When there’s no time like the present
BY JANE BEDARD
Special to the VOICE
I went to a wedding not that long ago. As weddings go, it was remarkable in almost every way, instigated by two remarkable people.
Frank, a 62-year-old retired schoolteacher, popped the question to Anne, his partner of ten years, on a moonlit Monday evening. He was always a gentleman, a traditionalist, and an old fashioned romantic, however, on this occasion he did not get down on one knee as one would have expected. Instead, he delicately slipped the diamond and amethyst ring on Anne’s finger—from his bed at the hospice.
Frank had entered the McNally House Hospice in Grimsby just four days earlier, when his health requirements became more than Anne could manage. His future, he was told, would not even carry over to the next calendar page. Frank’s cancer was rare and aggressive, taking hold of him seemingly overnight, like a Trojan horse had been wheeled into his unsuspecting body while he slept, and a quick invasion ensued.
Within weeks of his diagnosis and subsequent surgery, Frank was offered a prognosis of about two weeks.
Frank and Anne were forced to fast-forward through the stages of grief. It was confusing, dizzying, but necessary if they were to enjoy any of the brief time they had left together. With this in mind, the morning after the proposal, wedding preparations began. Families of the couple woke up to an emailed invitation to the event, which would occur later that day.
Anne’s first stop was to a local discount store to purchase paper plates, plastic cups and cutlery, along with a little something for the bride-to-be—a plastic tiara.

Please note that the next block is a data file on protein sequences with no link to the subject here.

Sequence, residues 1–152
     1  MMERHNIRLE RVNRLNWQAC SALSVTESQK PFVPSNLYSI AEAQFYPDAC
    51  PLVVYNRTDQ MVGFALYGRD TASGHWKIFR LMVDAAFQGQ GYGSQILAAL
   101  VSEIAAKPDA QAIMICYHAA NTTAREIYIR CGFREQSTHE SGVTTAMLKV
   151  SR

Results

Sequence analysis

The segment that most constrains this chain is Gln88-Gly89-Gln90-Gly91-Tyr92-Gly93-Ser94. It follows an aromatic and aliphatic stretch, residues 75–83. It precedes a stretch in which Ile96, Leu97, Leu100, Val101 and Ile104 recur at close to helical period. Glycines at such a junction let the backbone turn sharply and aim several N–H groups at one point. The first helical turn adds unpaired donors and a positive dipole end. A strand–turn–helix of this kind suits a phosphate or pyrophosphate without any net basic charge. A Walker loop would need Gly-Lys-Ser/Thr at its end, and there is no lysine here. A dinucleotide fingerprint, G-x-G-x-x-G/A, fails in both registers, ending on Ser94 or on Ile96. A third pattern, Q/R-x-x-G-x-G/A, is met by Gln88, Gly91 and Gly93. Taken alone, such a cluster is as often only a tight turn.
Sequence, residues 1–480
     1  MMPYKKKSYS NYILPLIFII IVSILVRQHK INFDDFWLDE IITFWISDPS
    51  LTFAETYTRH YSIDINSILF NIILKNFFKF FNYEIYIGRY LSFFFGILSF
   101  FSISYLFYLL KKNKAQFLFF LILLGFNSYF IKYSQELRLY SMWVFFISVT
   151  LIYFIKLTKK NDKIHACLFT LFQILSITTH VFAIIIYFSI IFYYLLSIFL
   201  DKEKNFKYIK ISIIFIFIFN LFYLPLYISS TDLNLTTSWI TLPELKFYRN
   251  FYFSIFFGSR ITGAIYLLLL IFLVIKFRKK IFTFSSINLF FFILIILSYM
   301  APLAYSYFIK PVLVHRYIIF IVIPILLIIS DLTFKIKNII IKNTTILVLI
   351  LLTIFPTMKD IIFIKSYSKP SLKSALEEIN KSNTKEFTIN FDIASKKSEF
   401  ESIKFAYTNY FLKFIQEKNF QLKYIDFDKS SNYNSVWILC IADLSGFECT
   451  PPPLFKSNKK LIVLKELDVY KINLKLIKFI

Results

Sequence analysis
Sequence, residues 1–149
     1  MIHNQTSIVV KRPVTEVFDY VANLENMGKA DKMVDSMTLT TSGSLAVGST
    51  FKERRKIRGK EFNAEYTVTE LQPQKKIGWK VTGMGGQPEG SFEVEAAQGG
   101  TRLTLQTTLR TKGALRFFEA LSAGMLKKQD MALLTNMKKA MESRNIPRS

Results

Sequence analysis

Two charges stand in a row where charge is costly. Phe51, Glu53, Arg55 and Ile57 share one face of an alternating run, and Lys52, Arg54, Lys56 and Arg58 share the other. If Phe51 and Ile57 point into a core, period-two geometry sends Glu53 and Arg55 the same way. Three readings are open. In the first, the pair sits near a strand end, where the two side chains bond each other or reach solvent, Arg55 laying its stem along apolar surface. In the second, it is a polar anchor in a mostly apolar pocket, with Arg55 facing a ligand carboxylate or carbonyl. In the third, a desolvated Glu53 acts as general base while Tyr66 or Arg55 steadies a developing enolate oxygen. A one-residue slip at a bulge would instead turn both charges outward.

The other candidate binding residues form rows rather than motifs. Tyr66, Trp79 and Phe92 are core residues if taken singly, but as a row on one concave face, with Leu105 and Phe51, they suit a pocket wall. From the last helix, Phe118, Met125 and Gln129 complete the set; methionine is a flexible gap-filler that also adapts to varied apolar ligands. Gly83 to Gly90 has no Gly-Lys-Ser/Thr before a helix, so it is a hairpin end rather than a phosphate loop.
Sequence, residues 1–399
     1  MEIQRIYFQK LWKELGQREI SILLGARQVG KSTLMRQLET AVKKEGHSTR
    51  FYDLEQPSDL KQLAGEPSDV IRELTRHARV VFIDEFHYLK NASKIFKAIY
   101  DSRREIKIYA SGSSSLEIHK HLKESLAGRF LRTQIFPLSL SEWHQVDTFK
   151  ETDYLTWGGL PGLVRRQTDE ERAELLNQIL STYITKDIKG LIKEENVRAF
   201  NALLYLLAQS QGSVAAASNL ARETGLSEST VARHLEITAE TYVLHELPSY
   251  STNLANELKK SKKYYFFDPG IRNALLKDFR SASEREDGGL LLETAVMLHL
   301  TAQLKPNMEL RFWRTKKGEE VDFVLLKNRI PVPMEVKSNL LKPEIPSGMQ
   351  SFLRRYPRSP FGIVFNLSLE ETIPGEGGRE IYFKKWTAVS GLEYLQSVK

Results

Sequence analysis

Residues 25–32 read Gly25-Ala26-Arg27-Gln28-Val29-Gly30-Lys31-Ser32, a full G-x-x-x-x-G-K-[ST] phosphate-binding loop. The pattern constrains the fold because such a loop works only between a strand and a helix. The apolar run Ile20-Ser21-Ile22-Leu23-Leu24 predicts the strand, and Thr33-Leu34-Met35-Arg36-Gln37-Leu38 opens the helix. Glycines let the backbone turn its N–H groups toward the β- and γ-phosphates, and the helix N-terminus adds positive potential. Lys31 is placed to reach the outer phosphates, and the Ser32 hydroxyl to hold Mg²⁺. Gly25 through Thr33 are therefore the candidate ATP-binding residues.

But by the time she arrived back at the hospice, staff and volunteers had heard the news and were armed and ready to take on the needs of the nuptials, all with Anne and Frank’s blessing. The wheels were in motion.
From out of nowhere appeared proper dishes, champagne glasses, candles and decorations. Volunteers filed-in like the Whos in Whoville, assembling for a grand celebration despite the ominous backstory. In no time, the countertops and tables were filled with a smorgasbord of delicious culinary fare—there may even have been a roast beast.
A photographer and a videographer quickly agreed to capture the event on film, and a local florist supplied beautiful, bright arrangements, featuring Frank’s favourite: the sunflower. The living room transformed into a ceremonial site, filled with seating, flowers, candles, decorations, and two accent chairs, for the comfort of the bride and her frail groom.
This is the kind of happy event in which the staff at McNally House rarely gets to participate. Because of their volunteers and connections within the community, the cost of this particular party came in at a whopping zero dollars. But kindness and compassion alone won’t pay the bills.
This peaceful oasis amid the chaos of Ontario healthcare operates on a tight budget of $600 000 annually, most of which is acquired through fundraising and donations. The purpose of hospices like McNally is to provide free care for end-of-life patients, so that they can live out their final days in comfort, surrounded by loved ones.